Tokyo Disneyland

This is the best day to visit Tokyo Disneyland if you don’t want to wait in 2-hour lines

Tokyo Disneyland is just as magical as its American counterpart, but with the addition of adult cosplay and some seriously delicious food. It also has notoriously long lines – it’s not unheard of to wait over two hours to get on Pirates of the Caribbean or over three hours just to ride Space Mountain during holiday weekends.

We’ve already revealed the eight least crowded weekends and holidays at Tokyo Disneyland and found out that scorching hot temperatures are enough to keep the crowds at bay. Just this past weekend we discovered another day of short lines at Tokyo Disneyland for those who don’t mind being a little uncomfortable if it means not having to stand around all day.

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Tokyo Disney Sea adds pitch-black sausage, other spooky treats for Halloween

Japan has gotten into Halloween in a big way in the last few years. By mid-September, stores start putting up decorations and offering seasonal treats, even if the practice of trick-or-treating hasn’t really caught on here yet.

So it’s only natural that Halloween gets special treatment from another popular import, Tokyo’s Disney theme parks, as Disney Sea is offering up some spooky Halloween menu items, including a pitch black sausage.

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Experience an entire day at Tokyo Disneyland in just 110 seconds of time-lapse video

Despite having lived in Japan for eight years now, I’ve never actually been to Tokyo Disneyland. I was lucky enough to be taken to Walt Disney World, Florida when I was a kid, but now that I’m older and infinitely more cynical, I don’t think I have the stomach for an entire day of cheery music and giant mice.

One thing people often ask me (after whether McDonald’s is any different here) when they learn that Japan has its own Disneyland, though, is whether the park is anywhere near as good as those in Florida or California. In the past, I’ve only been able to shrug and tell them that “the kids here go nuts over it, so probably,” but now, with this time-lapse video made by the folks at Tokyo Disneyland, I can safely say that it’s pretty much exactly the same.

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The reason Tokyo Disneyland has no mosquitos (plus three other cool things about its water)

Tokyo Disneyland and Disney Sea can both make pretty strong claims for the “Happiest Place on Earth” title. Combining the cast of the animation pioneer’s collected works with Japanese sensibilities results in some of the most unbridled and deep-rooted enthusiasm for cartoon characters you’re likely to find anywhere. Adding to the experience is the attention to detail and hospitality that comes from the world’s preeminent amusement park operator and the country with the highest customer service standards on the planet.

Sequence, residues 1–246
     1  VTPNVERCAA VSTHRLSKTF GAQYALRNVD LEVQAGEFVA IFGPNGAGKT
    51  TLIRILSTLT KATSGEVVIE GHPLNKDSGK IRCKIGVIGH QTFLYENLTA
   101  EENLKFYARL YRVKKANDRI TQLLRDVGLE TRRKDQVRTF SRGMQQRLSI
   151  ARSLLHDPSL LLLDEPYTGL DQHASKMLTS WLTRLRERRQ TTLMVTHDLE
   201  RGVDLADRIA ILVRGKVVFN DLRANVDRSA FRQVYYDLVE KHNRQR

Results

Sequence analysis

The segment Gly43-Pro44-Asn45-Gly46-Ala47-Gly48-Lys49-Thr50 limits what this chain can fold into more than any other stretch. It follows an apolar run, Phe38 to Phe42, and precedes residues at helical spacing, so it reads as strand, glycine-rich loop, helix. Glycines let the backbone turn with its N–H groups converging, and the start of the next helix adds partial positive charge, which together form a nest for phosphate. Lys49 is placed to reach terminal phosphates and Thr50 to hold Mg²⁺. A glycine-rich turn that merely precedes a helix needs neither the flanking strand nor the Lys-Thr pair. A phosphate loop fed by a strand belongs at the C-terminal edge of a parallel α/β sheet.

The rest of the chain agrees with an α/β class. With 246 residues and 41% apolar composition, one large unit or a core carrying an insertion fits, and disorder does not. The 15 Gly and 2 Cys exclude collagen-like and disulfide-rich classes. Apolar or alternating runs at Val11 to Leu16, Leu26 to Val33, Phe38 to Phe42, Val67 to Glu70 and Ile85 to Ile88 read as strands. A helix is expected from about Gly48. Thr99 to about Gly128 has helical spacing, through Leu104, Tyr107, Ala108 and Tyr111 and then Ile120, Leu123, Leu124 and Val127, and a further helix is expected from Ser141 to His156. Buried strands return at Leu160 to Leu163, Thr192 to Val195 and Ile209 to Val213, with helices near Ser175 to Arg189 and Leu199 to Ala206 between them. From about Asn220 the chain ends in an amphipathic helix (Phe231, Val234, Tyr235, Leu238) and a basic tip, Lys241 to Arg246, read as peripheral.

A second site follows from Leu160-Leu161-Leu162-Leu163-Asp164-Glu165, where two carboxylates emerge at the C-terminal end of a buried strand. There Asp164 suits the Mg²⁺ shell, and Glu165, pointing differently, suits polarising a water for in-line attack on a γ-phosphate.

But while all those things go a long way towards helping visitors enjoy their stay, the excitement they bring just might pale in comparison to the joy guests feel when they realize there’s something Japan’s Disney theme parks don’t have: mosquitos.

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Tokyo Disneyland honors “proto-Fastpass” given to girl 16 years ago, melts the Internet’s heart

Between the exciting rides, fun mascots and surprisingly progressive policies, millions of Japanese and foreign tourists have their “dreams come true” at Tokyo Disneyland every year. But for every dream fulfilled, there are always a few little hearts broken when a child realizes they are too short to experience the thrilling ride that has everyone else screaming for joy.

Some 16 years ago, one such girl was turned away at one of the rides and given a “Future Passenger Certificate,” a seemingly primitive version of Disney’s Fastpass, which entitled her to skip to the front of the line when she came back as an older and taller Tokyo Disneyland guest.

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Tokyo Disneyland celebrates “Thanks Day” where the employees become valued guests

On 27 January, Tokyo Disneyland held a little-known annual event to express gratitude for their legions of employees. Called “Thanks Day” it’s the one times of the year where those who work hard offering us visitors their cordial hospitality get to cut loose and have free rein over the park. Meanwhile, their managers give themselves a temporary demotion for the night to serve colas and operate Big Thunder Mountain.

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Tokyo DisneySea offers unbearably cute limited-edition Duffy sweets and souvenirs

From now until March 20, Tokyo DisneySea is offering some very cute snacks featuring Duffy, the Disney bear, and his lady friend, ShellieMay. Take a look after the jump, but be warned: the cuteness is off the charts!